I’ve always been able to remember car number plates. Ever since I was a kid. Our first family car, a yellow Mini: original A reg named Primrose. The Ford Anglia, which was forever breaking down: 1965 ice blue C reg that always looked a dirty white colour. The lime green Fiat 127: L reg and hideous, and it’s replacement, the black Fiat 127 with go faster stripes and twin exhaust (really) an S reg, and our first brand new car. And the list goes on. My first car, of course, lodged firmly in the databanks, an Austin 1100 (F reg) and my second, a Mini Metro (X reg). But I can remember all of them. My Ex-husband’s car, a friend’s first car, and every single car I’ve ever owned. It’s a lot.
Given that I can’t remember where I put my most recent cup of tea, or what happened yesterday, it seems strange that my brain should have a data slot for car registration numbers. I’m not a number person. After nearly 2 years I have no idea of my work mobile number, I don’t know my fiancé’s phone number and I struggle to remember the house number. So why this weird ability to recall car number plates that is no use to me – or anyone else? I have no idea. I wish I could wipe the databanks and replace them with something more useful, like remembering where I put my keys, or my phone, or what I was supposed to be doing instead of writing this blog…….
The young chirpy voice piped up a cheery ‘good morning’ on the packed train carrying a miserable load of – now ‘ex’ – holidaymakers from Gatwick Airport to Clapham, and onwards to London and who knows where, home.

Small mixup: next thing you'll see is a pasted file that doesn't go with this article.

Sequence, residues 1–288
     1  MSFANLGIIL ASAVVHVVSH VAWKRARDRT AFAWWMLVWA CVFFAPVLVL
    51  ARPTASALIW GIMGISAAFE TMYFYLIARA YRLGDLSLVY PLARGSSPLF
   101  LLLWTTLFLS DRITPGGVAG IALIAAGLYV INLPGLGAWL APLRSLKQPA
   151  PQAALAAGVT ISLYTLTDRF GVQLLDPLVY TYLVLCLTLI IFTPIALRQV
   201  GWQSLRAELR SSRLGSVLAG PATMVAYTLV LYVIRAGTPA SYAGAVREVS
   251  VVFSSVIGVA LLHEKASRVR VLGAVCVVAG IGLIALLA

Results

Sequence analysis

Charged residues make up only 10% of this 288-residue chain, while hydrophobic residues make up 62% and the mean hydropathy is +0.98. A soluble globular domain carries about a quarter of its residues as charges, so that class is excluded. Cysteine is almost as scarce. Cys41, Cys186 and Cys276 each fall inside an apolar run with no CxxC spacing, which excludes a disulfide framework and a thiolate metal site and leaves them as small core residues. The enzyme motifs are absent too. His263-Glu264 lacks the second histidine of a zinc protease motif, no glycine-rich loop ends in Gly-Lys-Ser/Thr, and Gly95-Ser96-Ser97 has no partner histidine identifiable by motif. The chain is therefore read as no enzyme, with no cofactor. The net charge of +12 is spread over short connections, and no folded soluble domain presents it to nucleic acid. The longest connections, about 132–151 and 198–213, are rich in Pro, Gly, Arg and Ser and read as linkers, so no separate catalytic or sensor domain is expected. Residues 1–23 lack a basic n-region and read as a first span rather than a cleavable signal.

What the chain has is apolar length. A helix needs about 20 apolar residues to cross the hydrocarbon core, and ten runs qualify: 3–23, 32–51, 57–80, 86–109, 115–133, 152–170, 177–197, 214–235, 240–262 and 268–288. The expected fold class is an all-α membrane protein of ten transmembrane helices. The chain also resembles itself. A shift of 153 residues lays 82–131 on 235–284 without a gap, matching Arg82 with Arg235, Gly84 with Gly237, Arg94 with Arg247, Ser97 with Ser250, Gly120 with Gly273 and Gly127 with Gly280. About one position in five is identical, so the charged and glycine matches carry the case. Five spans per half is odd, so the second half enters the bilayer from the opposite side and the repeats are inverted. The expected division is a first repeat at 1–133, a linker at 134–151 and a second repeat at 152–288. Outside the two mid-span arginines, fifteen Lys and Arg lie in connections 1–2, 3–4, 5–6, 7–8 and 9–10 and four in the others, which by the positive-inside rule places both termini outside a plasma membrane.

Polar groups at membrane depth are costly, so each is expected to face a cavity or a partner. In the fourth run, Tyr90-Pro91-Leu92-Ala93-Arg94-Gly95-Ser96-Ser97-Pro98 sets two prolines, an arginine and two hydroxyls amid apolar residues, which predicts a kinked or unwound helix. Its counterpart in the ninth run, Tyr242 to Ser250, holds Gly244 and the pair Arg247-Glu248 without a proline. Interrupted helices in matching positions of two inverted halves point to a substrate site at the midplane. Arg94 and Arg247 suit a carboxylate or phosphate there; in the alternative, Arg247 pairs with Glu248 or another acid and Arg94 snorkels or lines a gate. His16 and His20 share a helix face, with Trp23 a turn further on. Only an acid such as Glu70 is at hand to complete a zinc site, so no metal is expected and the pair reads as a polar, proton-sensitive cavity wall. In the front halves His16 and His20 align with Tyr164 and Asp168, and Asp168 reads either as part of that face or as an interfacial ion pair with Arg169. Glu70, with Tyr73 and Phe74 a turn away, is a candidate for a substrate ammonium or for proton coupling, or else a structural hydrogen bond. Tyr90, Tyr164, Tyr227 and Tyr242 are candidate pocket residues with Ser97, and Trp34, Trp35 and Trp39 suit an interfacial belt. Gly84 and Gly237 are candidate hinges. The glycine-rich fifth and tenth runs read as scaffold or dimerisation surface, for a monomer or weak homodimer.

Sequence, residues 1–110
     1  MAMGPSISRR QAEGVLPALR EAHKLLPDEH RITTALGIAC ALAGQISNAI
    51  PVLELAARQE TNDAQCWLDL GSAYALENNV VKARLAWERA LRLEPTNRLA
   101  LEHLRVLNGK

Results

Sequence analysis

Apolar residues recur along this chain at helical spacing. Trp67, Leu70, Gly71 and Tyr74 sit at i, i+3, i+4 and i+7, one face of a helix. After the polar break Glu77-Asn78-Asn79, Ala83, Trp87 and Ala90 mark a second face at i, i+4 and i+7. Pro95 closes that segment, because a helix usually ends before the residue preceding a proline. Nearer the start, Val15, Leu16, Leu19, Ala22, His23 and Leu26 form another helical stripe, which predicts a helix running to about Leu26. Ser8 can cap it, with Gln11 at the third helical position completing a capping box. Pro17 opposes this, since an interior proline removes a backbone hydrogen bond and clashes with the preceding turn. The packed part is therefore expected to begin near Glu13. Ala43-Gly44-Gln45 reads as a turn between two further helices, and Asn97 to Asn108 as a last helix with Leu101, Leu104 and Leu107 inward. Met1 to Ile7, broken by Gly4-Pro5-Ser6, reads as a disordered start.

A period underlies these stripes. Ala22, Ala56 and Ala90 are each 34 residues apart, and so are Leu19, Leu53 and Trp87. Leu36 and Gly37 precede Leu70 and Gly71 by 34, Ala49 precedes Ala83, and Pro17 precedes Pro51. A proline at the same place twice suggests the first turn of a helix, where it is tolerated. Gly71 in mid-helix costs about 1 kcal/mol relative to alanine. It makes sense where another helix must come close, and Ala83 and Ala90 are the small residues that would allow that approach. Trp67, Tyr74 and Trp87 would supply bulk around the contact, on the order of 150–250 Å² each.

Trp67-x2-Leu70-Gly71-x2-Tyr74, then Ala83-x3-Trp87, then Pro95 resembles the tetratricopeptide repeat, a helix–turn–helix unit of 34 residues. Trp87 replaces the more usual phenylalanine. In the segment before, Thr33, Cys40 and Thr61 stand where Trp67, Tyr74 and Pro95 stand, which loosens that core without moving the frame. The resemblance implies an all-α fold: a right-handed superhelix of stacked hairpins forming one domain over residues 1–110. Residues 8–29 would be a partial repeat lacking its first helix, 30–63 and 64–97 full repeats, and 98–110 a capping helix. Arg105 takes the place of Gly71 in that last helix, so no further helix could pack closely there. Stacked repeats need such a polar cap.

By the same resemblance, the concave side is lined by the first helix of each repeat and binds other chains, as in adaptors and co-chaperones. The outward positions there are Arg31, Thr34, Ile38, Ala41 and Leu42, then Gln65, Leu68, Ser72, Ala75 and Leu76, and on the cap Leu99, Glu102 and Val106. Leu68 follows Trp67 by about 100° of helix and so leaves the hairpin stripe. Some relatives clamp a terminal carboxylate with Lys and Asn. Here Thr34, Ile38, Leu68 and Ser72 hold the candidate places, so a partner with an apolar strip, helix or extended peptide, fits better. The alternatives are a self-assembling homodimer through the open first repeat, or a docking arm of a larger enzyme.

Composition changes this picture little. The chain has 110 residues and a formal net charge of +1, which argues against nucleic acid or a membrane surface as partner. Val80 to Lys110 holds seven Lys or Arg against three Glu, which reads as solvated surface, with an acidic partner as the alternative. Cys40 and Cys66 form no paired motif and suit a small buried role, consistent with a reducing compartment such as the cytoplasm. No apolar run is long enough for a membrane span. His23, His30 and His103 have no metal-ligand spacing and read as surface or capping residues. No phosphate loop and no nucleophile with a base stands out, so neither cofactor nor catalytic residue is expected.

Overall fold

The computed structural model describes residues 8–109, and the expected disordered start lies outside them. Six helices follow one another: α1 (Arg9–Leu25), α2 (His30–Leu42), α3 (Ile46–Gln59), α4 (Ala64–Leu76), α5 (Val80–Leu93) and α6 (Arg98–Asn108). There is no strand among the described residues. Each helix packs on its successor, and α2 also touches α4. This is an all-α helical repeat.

I looked up in surprise. This was not the usual breed of grumpy ticket checker/issuer. This was someone making the best of his job, possibly even enjoying it. He was unusually verbose and clearly enjoyed interacting with the customers.
‘Good morning madam, may I see your ticket please? Excellent. Change at Clapham for Basingstoke, and have a pleasant day’
Amazingly, he was even offering to help anyone that might need it.
‘If you need assistance today ladies and gentlemen, I’m the handsome chap with the sandy hair and glasses. You can come and find me in one of the carriages’
That elicited a few smiles, a few sniggers. To me, it was wondrous to hear a cheerful voice in the grey London dawn. Refreshing to see people smiling, perhaps against their natural inclination, at that hour of the day.
I suspect if we were all a little more engaged, a little less preoccupied with our own troubles; if we were to do our jobs with more enthusiasm, and smile a bit more, then the world would be a better place. A smile is infectious. You can hear it in someone’s voice. It can turn a grey and miserable day into something a bit more positive, even if only for a while.
I wrote to the train company and asked them to thank Alex for cheering me up that morning. I don’t know if they passed the message on, but I hope so. Good on you Alex!